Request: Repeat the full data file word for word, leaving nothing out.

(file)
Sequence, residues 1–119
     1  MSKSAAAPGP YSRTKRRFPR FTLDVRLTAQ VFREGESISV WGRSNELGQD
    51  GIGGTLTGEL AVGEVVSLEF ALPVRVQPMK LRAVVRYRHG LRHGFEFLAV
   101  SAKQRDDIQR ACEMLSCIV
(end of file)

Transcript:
Sequence, residues 1–119
     1  MSKSAAAPGP YSRTKRRFPR FTLDVRLTAQ VFREGESISV WGRSNELGQD
    51  GIGGTLTGEL AVGEVVSLEF ALPVRVQPMK LRAVVRYRHG LRHGFEFLAV
   101  SAKQRDDIQR ACEMLSCIV